Across the world this week, university leaders and students alike are worried about their finances during the pandemic.
In the UK, over 24,000 international students have signed a petition asking for compensation due to online learning, and in the US, Congress approved $40 billion in extra HE funding due to the pandemic.
However, New Zealand appears to be bucking the trend of falling student numbers, with domestic student recruitment rising at multiple institutions.
Here’s your weekly higher education news roundup.
UK universities start gradual reopening
This week saw children return to school, and students on practical courses return to university, in England’s first easing of coronavirus restrictions since Christmas.
However, the outlook for other university students remains unclear, as the government has yet to set a date for all students to be allowed on campus.
University leaders are pushing for all students to be allowed to return from 12 April, as the end of the academic year approaches.
But for many, the damage of a year online has already been done, with some international students beginning to demand compensation for the impact that covid restrictions have had on their learning.
An online petition set up by international students studying in the UK is asking for the government to provide at least partial tuition fee compensation due to the “massive impact on quality of teaching and student experience of International students”.
The petition has gained over 24,000 signatures, meaning that it will get a government response.
However, with no precedent for already financially stretched universities refunding students, the possibility of compensation seems slim.
US Congress approves $40bn extra funding for HE
The US Congress has agreed to provide $40 billion more in funding for higher education as part of the recently approved coronavirus relief bill.
The extra funds will be delivered on an institution by institution basis, and are intended to help with some of the financial shortfalls universities have suffered as a result of the pandemic.
“The nearly $40 billion included for students and campuses will be enormously helpful,” said Ted Mitchell, president of the American Council on Education, the central advocacy group. “But this emergency is not over for either higher education or the country as a whole.”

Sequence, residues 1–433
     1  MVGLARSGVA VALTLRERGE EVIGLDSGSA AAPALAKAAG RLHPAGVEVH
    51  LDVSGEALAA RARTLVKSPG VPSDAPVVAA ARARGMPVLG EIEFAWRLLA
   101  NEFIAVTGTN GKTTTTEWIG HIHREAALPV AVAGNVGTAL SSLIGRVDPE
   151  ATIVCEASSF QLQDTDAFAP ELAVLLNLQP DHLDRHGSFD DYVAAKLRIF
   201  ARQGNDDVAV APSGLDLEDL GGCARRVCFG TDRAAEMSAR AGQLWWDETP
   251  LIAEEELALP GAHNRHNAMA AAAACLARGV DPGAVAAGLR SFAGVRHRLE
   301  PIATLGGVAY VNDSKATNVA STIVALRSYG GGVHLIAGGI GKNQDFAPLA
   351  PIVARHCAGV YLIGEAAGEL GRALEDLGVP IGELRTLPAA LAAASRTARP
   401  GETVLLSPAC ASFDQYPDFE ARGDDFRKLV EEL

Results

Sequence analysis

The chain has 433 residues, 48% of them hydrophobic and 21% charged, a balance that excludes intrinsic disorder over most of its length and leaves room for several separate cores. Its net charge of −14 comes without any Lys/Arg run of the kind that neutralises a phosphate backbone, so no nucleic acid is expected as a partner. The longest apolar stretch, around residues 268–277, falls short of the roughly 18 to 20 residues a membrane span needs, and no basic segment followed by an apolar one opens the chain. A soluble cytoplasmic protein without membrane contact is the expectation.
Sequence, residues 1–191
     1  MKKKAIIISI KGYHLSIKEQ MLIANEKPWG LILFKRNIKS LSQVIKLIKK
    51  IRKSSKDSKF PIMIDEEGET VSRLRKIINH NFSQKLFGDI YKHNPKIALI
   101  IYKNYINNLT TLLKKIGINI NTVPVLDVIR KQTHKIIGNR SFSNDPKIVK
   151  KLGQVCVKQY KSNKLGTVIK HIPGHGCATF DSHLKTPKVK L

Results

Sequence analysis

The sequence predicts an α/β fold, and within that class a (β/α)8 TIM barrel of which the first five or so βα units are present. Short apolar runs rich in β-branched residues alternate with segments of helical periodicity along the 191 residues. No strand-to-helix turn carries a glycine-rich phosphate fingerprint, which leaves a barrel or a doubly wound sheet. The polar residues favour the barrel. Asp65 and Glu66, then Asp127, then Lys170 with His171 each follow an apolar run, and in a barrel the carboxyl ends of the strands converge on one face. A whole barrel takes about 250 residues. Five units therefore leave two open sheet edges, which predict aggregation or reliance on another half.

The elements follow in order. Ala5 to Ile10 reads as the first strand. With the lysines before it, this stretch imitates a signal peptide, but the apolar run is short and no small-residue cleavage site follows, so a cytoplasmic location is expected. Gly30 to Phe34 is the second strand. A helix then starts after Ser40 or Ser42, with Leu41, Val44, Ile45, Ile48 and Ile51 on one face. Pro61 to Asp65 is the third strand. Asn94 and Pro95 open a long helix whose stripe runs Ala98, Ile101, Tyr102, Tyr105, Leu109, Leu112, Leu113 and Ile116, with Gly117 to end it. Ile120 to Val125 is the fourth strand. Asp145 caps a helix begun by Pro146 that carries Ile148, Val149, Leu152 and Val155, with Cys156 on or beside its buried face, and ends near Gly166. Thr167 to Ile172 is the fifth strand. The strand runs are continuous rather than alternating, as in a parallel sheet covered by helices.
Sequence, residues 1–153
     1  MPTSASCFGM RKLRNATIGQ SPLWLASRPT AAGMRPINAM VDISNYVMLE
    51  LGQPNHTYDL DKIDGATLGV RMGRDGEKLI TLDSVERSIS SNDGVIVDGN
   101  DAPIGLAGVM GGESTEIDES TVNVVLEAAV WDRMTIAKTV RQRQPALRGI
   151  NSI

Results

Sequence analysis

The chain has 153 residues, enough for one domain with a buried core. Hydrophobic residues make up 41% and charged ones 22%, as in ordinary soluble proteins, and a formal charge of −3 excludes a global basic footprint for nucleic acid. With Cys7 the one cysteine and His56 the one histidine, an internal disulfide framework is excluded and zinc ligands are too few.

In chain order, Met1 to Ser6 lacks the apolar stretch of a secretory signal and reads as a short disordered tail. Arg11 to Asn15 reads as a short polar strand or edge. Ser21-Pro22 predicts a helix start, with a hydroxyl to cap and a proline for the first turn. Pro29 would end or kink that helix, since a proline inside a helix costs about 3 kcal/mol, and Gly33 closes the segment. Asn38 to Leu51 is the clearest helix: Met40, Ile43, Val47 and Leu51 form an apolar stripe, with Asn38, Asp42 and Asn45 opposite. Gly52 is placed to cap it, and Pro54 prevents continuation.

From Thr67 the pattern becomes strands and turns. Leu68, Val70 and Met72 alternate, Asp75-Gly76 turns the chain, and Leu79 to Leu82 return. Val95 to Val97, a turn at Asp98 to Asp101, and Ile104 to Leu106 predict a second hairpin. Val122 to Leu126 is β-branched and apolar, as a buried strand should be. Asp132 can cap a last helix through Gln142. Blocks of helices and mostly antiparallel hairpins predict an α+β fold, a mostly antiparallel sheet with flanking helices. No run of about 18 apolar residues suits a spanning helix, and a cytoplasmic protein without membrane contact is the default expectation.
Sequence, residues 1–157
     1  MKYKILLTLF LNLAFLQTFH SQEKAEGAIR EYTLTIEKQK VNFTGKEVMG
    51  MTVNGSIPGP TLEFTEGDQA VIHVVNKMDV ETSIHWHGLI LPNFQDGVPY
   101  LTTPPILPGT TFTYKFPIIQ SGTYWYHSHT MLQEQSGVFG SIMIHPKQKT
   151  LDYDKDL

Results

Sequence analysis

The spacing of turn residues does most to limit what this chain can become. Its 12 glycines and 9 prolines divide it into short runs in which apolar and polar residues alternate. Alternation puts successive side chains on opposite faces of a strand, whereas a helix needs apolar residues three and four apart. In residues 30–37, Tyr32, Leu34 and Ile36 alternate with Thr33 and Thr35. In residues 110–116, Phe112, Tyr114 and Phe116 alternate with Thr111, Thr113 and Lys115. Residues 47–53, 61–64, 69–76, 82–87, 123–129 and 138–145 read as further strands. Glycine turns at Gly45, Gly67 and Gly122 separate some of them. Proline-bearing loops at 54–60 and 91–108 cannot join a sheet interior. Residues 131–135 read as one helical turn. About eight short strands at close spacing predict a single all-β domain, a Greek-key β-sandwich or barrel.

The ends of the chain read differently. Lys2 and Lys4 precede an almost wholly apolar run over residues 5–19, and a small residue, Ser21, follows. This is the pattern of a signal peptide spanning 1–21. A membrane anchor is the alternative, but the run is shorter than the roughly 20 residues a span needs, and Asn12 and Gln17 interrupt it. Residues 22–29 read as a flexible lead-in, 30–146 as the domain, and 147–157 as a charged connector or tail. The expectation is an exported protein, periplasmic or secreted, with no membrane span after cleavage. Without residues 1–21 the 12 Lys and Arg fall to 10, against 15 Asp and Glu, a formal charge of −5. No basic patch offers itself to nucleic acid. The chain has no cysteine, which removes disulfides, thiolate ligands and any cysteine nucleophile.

And a new US immigration bill will allow for ‘dual intent’ for international students, in a move that is intended to allow more flexibility for international students to stay in the country after graduating.
Currently, those applying for an F-1 visa must prove their intention to leave the country after completing their course, meaning those who cannot prove this can see their visas denied.
However, the introduction of dual intent provision could allow international students who intend to work in the US after graduating not to be penalised for their intent to stay.
“The dual intent provision is pretty big and I’m hopeful that that is going to be helpful in sending a welcoming message to international students,” Sarah Spreitzer director, government relations at the American Council of Education, told The PIE News.
“We do allow for dual intent on other visa programs, but it hasn’t been included for F-1’s before. And so this means that a student is not going to have to show that they have property in their home country to demonstrate evidence that they plan to return.”
New Zealand sees pandemic-driven rise in domestic students
New data shows that universities in New Zealand and Australia may have seen increased enrollments due to the pandemic, in a reversal of the global trend of falling student numbers.
Universities have seen an overall decrease in international student numbers, but figures from institutions such as the University of Otago indicate that this is being at least partially cushioned by an increase in domestic student enrollments.